I welcome my hon. Friend’s wholehearted support for these important changes. I know that he has been an ardent campaigner on these matters, and I very much respect that. It is important that constituency Members of Parliament should feel able to do that. He asked which proposals would be affected by the changes. I must be careful not to mention any specific named applications, but when something has been determined at local level, we clearly cannot reopen it. The changes will not be retrospective. When something is in the planning application system but no decision has been made, local planners and the planning inspectors will now have to give clear consideration—as they would in any other circumstances—to this guidance. That will give comfort not only to Members of the House but to many of the constituents they represent.
I am grateful to you for your ruling, Mr Speaker. Once again we have had to learn the details of a Government policy from the press rather than from a statement to the House.
We know that planning approvals for wind farms in England have fallen from about 70% of applications in 2008 to 35% in 2012, which raises the question of why this guidance is being introduced now. We accept that there are clearly locations in which it is inappropriate to put wind turbines, and we welcome the greater incentives that will be provided to local communities that accept wind farm developments. Pre-application discussions with communities are clearly a good thing, and should be happening in any case, but can the Minister tell us what the threshold will be for the more significant applications that will trigger compulsory consultation, and do the Government intend to make the same changes for fracking planning applications?
It has been reported that local communities will, in effect, be given a veto over new wind farm planning applications. A senior Conservative source is quoted in the newspapers as saying:
“This is a bomb proof set of safeguards”.
That is not, however, what it says in the written ministerial statement, and neither did the Minister say that in his reply. Can he therefore tell us what will in fact be the case? Will there be a veto: yes or no? If so, how exactly will this power of veto operate?
Reference has also been made to significant local opposition. How will this be assessed and who will decide whether it is significant? Will local authorities still finally determine the planning applications? What will be the position in local communities where a local plan has not yet been drawn up or approved by the Planning Inspectorate?
Do the Government have any plans to change the process for deciding on planning applications for wind farms generating more than 50 MW?
As we know, onshore wind is the cheapest form of renewable energy, so what assessment have the Government made of the likely impact of these changes on our carbon budgets and on the cost of electricity for consumers in general?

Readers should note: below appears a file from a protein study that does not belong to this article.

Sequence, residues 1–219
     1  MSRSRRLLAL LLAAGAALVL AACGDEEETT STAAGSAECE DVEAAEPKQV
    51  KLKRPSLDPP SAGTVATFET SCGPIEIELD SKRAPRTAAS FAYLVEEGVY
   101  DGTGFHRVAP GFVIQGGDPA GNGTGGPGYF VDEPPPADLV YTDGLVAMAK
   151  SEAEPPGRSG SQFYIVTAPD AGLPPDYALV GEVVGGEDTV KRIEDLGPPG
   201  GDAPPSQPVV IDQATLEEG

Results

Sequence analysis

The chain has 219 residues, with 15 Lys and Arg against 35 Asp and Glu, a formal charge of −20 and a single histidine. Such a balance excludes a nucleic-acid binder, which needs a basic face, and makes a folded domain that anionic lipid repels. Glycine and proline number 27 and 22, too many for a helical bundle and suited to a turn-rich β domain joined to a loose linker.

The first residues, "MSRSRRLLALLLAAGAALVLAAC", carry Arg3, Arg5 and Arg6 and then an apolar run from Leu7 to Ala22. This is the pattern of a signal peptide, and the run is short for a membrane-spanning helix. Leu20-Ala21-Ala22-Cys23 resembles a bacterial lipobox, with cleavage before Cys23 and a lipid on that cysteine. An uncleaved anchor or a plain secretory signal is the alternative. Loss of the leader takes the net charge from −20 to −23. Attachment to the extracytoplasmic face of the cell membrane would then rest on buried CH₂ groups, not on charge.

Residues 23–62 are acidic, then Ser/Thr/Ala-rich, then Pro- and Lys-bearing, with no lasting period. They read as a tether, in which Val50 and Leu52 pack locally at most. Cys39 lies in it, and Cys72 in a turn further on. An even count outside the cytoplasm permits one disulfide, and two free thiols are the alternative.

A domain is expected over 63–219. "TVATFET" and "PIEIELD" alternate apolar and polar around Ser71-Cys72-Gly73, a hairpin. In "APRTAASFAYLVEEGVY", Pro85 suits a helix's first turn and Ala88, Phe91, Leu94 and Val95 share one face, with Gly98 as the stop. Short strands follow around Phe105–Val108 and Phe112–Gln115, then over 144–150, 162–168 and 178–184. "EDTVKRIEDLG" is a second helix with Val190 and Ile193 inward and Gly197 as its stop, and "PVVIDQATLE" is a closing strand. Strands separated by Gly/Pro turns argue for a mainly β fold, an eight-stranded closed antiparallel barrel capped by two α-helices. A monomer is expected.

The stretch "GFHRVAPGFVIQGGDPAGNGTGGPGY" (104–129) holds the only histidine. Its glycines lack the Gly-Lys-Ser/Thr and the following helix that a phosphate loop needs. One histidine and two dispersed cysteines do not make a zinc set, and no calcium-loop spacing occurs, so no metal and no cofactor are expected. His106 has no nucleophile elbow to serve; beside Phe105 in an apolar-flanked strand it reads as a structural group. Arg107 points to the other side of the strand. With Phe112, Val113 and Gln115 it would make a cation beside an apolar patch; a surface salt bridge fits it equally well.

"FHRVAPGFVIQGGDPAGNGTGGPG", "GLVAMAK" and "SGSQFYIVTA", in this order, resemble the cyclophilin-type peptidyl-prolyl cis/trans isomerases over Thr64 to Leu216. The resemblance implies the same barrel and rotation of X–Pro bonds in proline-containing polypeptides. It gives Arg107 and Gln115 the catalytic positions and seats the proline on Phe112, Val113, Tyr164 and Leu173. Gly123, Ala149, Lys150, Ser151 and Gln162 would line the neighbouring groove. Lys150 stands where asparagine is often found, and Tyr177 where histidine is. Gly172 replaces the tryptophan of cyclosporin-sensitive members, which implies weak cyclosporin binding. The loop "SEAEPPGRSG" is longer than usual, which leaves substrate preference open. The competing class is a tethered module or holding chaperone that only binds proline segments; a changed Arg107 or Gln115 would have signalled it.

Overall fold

The hon. Lady raised a number of points, and she will forgive me if I say that the details on carbon emissions are not within the bounds of the planning decision, which is what this urgent question is about.
Let me deal with two particular issues that the hon. Lady raised. She rightly raised the question of what a “more significant” development is. This will depend on a number of issues. As hon. Members may understand, it may be about the scale and number of turbines, but it could also be about the height, size and massing of them. Clearly, we do not want to ensnare someone who is thinking of having a small turbine in the back garden. That is not the purpose of the approach; this will be set out clearly in the secondary legislation.
The hon. Lady then raised a broader point about retrospectivity. She did so quite imaginatively, I thought, in a number of different ways. Perhaps I can reiterate the point. Where a determination has been made, there will not be a retrospective change, but where an application is in the system, we expect the local planning officers and, if the case is in appeal, the inspectors themselves to give clear and careful consideration to the issue, in the knowledge that it has the potential to be a “material consideration”, which she will obviously understand has a legal implication as well.
The purpose behind this approach is very clear, but I am not sure that the hon. Lady was. We believe in making sure that local communities have a clear voice, and we want the balance between the global environmental issues and the local environmental issues to be made clear. The policy has been clear; sadly, as many hon. Members have found, it has not been applied appropriately on the ground. We intend to make sure that planning inspectors and the planners themselves on the ground are able to do so.
In congratulating my hon. Friend on this statement, may I ask whether he will extend the principles he has enunciated to offshore wind farms, where exactly the same principles apply, particularly in the case of the much-despised proposal for an offshore wind farm in Christchurch bay?
May I return to a point the Minister did not answer a minute ago? Will he confirm that this change does not give a veto to local authorities and local communities over all wind farm applications? Will he confirm that what he has done is to put into the guidance matters to which the local authorities will now have to have regard in considering applications? These are in fact matters to which local authorities currently can have regard, and to which the best local authorities will already have regard?